- The Making of a Modern Feminist Vanguard, 1964–1973:Southern Women Whose Leadership Shaped the Movement and the Nation—A Synthetic Analysis
In the spring of 1964, women in the Atlanta, Georgia, headquarters of the Student Nonviolent Coordinating Committee (SNCC) struck in protest of sexist job assignments and sexual harassment. SNCC staffer Ruby Doris Smith Robinson led the strike, and the women even sat-in. "'All of the women, every woman did absolutely nothing. They didn't speak; they didn't type any letters; they didn't answer any phones,'" SNCC coworker Stanley Wise later told historian Cynthia Griggs Fleming. Instead, they "'issued a memorandum of agreements'" that described "'the kinds of activities that women would no longer tolerate in the organization.'" Robinson, then in her early twenties, was credited as the organizer of and negotiator for the women. As striker Bobbi Yancy recalled, Robinson "'was the figure [men] clearly backed off [from]. And that certainly gave other women courage.'"1
This women's strike was a pivotal early application of labor and black civil rights strategies to the fight for women's equality. It was a lesson Robinson borrowed from her first collective sit-in experience in 1960, as the black student sit-in movement spread like wildfire from Greensboro, North Carolina, throughout the South.2 The SNCC women's sit-in strike set off a [End Page 611] chain reaction that led to the formation of the radical women's liberation branch of the soon-to-be nationwide feminist upsurge of the 1960s.
The strike exemplifies the central argument of this article: in feminism's rebirth years southern women numbered disproportionately among the national feminist vanguard. This was due to the concentration of the black freedom movement in the South, where women experienced its catalytic effect earlier and in greater numbers than in other parts of the country. Much new work has uncovered the breadth and prevalence of feminism in the South, the regional traditions that shaped it, and the ways that the black freedom movement nourished it. I argue that this dialectic propelled a disproportionate number of southern women into the movement's front lines.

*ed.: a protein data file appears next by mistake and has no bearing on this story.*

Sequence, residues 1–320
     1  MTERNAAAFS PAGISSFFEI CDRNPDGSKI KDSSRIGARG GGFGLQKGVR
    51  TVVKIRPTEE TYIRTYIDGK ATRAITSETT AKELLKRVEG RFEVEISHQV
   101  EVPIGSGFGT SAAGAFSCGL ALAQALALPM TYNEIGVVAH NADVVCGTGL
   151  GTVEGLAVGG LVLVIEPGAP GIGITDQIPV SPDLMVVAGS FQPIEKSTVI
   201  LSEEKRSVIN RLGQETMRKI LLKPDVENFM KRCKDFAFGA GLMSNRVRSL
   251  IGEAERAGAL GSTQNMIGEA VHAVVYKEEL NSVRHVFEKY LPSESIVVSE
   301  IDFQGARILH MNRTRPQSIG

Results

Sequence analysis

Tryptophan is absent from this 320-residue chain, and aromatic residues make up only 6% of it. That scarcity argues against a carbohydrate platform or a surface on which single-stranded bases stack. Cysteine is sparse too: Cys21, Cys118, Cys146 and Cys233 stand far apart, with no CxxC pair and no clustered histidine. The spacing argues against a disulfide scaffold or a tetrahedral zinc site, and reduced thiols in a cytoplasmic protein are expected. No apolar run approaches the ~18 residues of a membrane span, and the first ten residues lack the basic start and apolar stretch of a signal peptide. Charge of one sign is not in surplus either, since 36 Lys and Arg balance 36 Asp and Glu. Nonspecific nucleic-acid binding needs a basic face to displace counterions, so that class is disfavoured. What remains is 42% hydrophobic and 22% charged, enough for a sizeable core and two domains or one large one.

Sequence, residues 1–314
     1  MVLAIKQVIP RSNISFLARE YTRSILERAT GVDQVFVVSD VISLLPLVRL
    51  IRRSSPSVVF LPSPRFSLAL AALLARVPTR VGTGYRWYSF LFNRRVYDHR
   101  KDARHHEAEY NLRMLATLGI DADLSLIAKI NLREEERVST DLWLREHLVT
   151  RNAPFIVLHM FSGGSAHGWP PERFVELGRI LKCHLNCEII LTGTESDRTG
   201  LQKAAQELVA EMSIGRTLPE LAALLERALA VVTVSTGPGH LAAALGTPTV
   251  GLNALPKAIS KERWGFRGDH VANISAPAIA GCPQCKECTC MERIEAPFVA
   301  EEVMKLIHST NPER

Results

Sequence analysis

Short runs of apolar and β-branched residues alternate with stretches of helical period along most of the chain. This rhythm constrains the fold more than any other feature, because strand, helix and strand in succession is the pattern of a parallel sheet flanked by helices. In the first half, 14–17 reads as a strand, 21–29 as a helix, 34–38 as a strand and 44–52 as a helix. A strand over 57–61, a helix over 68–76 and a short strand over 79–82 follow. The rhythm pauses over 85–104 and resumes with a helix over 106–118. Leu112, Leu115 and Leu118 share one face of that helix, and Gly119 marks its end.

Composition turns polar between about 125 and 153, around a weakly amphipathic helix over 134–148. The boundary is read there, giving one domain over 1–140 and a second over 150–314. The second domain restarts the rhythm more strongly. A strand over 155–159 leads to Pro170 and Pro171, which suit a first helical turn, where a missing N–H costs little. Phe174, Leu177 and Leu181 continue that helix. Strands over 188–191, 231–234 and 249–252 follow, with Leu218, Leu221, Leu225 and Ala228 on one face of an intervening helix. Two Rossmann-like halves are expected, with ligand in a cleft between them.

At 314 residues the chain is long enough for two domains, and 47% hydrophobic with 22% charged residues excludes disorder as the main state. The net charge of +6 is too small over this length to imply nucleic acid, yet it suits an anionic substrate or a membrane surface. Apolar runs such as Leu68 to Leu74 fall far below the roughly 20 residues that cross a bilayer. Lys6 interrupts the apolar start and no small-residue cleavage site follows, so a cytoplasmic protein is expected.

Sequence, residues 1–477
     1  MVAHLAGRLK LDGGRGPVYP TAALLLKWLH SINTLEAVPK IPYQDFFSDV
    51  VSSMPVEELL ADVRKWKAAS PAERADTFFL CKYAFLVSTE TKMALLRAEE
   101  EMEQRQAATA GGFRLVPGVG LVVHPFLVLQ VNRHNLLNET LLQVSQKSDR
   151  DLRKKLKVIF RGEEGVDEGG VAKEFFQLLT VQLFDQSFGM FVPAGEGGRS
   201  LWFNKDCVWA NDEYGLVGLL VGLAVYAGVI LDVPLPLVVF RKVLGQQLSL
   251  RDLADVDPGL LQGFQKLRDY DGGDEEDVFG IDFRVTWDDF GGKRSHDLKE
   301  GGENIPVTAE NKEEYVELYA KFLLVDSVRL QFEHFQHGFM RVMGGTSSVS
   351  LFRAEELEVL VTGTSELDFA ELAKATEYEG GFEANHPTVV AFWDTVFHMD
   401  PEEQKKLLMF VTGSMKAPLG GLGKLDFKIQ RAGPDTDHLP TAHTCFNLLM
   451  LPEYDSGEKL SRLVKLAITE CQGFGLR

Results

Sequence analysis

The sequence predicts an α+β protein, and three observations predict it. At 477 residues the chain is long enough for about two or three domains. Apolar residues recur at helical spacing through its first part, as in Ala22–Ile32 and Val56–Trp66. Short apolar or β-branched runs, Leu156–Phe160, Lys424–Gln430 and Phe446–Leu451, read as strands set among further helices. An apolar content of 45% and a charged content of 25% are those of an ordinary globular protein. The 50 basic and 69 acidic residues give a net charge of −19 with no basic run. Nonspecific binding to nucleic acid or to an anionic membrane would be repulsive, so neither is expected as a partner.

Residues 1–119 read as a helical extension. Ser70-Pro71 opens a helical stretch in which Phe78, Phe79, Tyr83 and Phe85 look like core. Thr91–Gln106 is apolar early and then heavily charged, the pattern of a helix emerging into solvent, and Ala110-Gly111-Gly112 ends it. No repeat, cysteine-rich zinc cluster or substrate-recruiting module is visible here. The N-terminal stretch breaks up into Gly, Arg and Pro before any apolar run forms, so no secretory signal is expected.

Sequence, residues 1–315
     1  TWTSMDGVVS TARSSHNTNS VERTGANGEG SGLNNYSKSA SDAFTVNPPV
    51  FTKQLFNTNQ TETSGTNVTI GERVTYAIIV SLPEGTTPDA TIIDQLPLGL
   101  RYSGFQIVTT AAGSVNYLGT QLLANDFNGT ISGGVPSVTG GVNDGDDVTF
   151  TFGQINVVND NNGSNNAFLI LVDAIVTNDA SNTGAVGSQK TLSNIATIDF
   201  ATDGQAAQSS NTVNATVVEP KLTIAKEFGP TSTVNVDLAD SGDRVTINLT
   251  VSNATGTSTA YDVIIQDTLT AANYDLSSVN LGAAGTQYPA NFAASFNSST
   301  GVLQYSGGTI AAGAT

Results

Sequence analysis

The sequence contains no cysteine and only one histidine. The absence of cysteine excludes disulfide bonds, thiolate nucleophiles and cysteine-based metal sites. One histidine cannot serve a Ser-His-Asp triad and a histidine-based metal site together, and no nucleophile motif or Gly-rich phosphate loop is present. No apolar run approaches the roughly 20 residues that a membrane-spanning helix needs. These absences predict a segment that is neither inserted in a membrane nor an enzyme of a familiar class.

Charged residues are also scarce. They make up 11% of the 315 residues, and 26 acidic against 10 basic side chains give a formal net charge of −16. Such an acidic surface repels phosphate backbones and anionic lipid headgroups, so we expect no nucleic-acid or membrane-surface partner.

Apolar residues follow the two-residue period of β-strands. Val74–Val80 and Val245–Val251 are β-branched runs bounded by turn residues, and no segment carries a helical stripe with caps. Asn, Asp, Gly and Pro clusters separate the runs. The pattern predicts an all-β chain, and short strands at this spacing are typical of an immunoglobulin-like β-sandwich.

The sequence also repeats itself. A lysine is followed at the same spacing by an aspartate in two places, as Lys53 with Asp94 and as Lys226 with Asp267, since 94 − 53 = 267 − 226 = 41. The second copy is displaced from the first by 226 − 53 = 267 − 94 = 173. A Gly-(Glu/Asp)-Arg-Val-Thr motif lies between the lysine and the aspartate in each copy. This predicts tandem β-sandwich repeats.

Moreover, though the black freedom movement has been generally understood as the birthplace of modern American feminism, the SNCC women's sit-in strike and other causal connections have been replaced in the historiography by unspecific and ahistorical causes including inspiration and "role models."3 As a result, the meaning of pivotal movement theory has been muddled, and lessons from one movement that helped form a rising one have been lost. The influence of the southern civil rights movement was direct and specific: the courage, consciousness, and strategies of many of the pioneers of post–World War II feminism were forged through their own leadership of and proximity to the black freedom movement. This underestimation of the influence of the civil rights movement and its African American feminist leadership, despite examples like Robinson's initiation of collective feminist action in SNCC, has produced an incomplete map of the resurgent feminist movement.4 The synthesis history of post–World War II [End Page 612] feminism remains dominated by white professionals and students from northern and coastal big cities. All things feminist between "cities and college towns along the two coasts" are called "outposts" by prizewinning historian Christine Stansell.5
This article synthesizes an outpouring of new scholarship that recognizes the contributions of southern feminists but goes beyond this new work to show not only that the South was a hotbed of feminist activism, but also that it produced an outsized number of women who had transformative influence on the national feminist movement. Southern women were architects and engineers of the movement's radical and liberal branches. They were first to apply the strategy of collective action learned in the southern civil rights movement to organize a mass movement against sexism. They dealt decisive blows to the racist, sexist Jezebel myth that began in slavery and that was, as Gunnar Myrdal pointed out, "the principle around which the whole structure of segregation … is organized."6 In Mississippi they instituted the earliest sexual harassment policies, and from Georgia, Florida...